April Fool's Day
         (April 1)  




In sixteenth-century France, the start of the new year was observed on April first. It was celebrated in much the same way as it is today with parties and dancing into the late hours of the night. Then in 1562, Pope Gregory introduced a new calendar for the Christian world, and the new year fell on January first. There were some people, however, who hadn't heard or didn't believe the change in the date, so they continued to celebrate New Year's Day on April first. Others played tricks on them and called them "April fools." They sent them on a "fool's errand" or tried to make them believe that something false was true. In France today, April first is called "Poisson d'Avril." French children fool their friends by taping a paper fish to their friends' backs. When the "young fool" discovers this trick, the prankster yells "Poisson d’Avril!" (April Fish!)

Today Americans play small tricks on friends and strangers alike on the first of April. One common trick on April Fool's Day, or All Fool's Day, is pointing down to a friend's shoe and saying, "Your shoelace is untied." Teachers in the nineteenth century used to say to pupils, "Look! A flock of geese!" and point up. School children might tell a classmate that school has been canceled. Whatever the trick, if the innocent victim falls for the joke the prankster yells, "April Fool! "

The "fools' errands" we play on people are practical jokes. Putting salt in the sugar bowl for the next person is not a nice trick to play on a stranger. College students set their clocks an hour behind, so their roommates show up to the wrong class - or not at all. Some practical jokes are kept up the whole day before the victim realizes what day it is. Most April Fool jokes are in good fun and not meant to harm anyone. The most clever April Fool joke is the one where everyone laughs, especially the person upon whom the joke is played.

See:   http://www.usembassy.at/en/us/april_fool.htm

"The first of April is the day we remember what we are the other 364 days of the year. "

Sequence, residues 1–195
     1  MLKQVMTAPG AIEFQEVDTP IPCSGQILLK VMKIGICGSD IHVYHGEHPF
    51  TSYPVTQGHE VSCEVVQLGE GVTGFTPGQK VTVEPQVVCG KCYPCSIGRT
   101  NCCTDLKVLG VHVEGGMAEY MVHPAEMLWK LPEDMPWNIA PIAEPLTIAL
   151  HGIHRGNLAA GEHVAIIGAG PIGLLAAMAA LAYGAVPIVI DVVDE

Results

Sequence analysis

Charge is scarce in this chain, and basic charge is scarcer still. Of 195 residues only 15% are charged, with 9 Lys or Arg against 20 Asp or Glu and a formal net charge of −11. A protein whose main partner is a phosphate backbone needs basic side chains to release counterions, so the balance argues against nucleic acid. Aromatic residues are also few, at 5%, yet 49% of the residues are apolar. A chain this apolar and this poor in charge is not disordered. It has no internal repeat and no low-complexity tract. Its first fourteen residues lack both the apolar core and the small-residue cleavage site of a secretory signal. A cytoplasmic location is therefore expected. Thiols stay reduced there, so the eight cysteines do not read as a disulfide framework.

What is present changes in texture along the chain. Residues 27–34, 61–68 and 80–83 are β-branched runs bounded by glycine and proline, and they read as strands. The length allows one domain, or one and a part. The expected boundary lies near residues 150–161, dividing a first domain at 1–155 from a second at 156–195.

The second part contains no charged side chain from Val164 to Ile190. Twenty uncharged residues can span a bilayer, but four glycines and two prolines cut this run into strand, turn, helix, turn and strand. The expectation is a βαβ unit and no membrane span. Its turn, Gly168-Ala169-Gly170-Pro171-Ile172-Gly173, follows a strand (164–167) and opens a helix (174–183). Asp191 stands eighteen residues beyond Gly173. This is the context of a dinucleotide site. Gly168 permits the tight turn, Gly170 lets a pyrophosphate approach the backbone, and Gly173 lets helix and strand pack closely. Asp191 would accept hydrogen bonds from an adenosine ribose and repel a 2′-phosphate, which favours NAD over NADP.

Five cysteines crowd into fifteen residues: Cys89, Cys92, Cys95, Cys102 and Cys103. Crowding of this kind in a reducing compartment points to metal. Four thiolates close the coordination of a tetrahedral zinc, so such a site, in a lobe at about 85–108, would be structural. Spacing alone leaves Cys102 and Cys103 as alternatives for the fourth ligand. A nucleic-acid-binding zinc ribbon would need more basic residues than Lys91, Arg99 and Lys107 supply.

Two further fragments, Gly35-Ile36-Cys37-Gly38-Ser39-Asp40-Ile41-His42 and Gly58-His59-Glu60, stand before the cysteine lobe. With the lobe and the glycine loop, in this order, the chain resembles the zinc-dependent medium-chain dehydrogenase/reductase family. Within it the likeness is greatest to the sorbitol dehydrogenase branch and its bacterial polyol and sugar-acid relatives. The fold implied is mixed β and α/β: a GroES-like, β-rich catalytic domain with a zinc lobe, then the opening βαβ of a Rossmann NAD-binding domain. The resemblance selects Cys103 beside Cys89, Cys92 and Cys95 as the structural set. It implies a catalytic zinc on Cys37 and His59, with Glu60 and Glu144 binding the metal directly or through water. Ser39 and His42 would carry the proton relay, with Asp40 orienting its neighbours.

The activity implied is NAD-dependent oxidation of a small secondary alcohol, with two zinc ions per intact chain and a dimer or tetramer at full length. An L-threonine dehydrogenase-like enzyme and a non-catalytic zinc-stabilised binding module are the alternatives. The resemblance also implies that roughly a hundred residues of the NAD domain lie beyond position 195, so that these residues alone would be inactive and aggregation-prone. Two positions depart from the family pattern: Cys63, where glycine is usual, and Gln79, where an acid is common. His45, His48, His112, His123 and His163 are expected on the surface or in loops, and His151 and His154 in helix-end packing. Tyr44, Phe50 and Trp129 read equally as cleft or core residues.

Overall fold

- American humorist Mark Twain


An April Fools' recipe from FamilyFun magazine
by Cindy A. Littlefield


If you really want to dupe your kids on April Fools'Day, you need a prank that won't leave egg on your face. Here's a sweet trick that fits the bowl!

Ice cream
Marshmallow fluff
Lemon pudding/pie filling (an instant mix works fine)

Scoop ice cream into a dish, then spoon on a generous blob of marshmallow fluff (it will smooth out and resemble an egg white as the air escapes).

For a yolk, add a rounded blob of lemon pudding. Makes one sundae.



Originally published in FamilyFun magazine.



Surprise dessert from FamilyFun



Tired of being outpranked by your kids on April Fools' Day?

Turn the  tables this year with a surprise dessert that will both fool and delight them. Served on a dinner plate, it looks just like mashed potatoes, chicken nuggets and vegetables. But look again....

For the chicken nuggets and vegetables, you'll need to purchase some peanut butter logs and peas-and-carrots candy mix. (Both candies are sold by the pound at most candy stores.)

On each dinner plate, arrange four or five peanut butter logs and a small handful of the candy mix. Right before serving, add a scoop of vanilla ice cream or frozen yogurt to each plate. Top with gravy--a spoonful of caramel sauce or butterscotch topping.

The last laugh is sure to be yours when your kids try sipping this colorful beverage. It's actually flavored gelatin, so you'll need to prepare it ahead of time.

Dissolve a package of dessert gelatin according to the directions on the box (orange to look like iced tea; raspberry, strawberry or lemon to resemble fruit punch).

Pour the liquid gelatin into drinking glasses, then place a plastic straw in each. Set the glasses on a tray in the refrigerator until the gelatin firms up.

Originally published in FamilyFun magazine.


April Fools' Recipe: The Shamburger

April Fools' The Shamburger

Sure, it looks like the real thing. But when your kids take a bite, their taste buds will be pleasantly deceived by the no-beef patties, special sauce, and sesame cookie buns. And while they're not exactly fast food, these fake burgers are easy to make.

Step 1
To make the cookie "hamburger buns," heat the oven to 375°. Use an electric mixer to cream the margarine and the sugar until fluffy (about 1 to 2 minutes). Add 2 eggs and beat well. Stir in the vanilla extract. Sift the flour, baking powder, and salt into a separate bowl. Then, add the dry ingredients to the creamed mixture and blend well.

Step 2
For large "buns," drop the dough by rounded tablespoons onto a lightly greased baking sheet at least 1 inch apart (for medium-size buns, drop the dough by rounded teaspoons). Next, use the bottom of a floured glass to lightly press the dough into a circle. Then beat the remaining egg and use a pastry brush to "paint" it on top of each cookie. Sprinkle sesame seeds on the tops. Bake the large cookies for 10 minutes and the medium ones for 8 minutes, or until the cookies are golden brown.

Step 3
While the cookies are cooling on a rack, make the "lettuce." Place the shredded coconut into a plastic bag. Add a few drops of green food coloring, close the bag, and shake until the coconut has turned a light green.

Step 4
To assemble the burgers, choose two cookies that are about the same size and shape. Spread icing ketchup or mustard on the bottom bun, add an appropriately sized peppermint patty, and sprinkle with coconut lettuce. Add a squirt of icing ketchup or mustard to hold the top bun in place.Arrange the hamburgers on a platter or wrap in foil. Makes approximately 12 large or 36 medium burgers.


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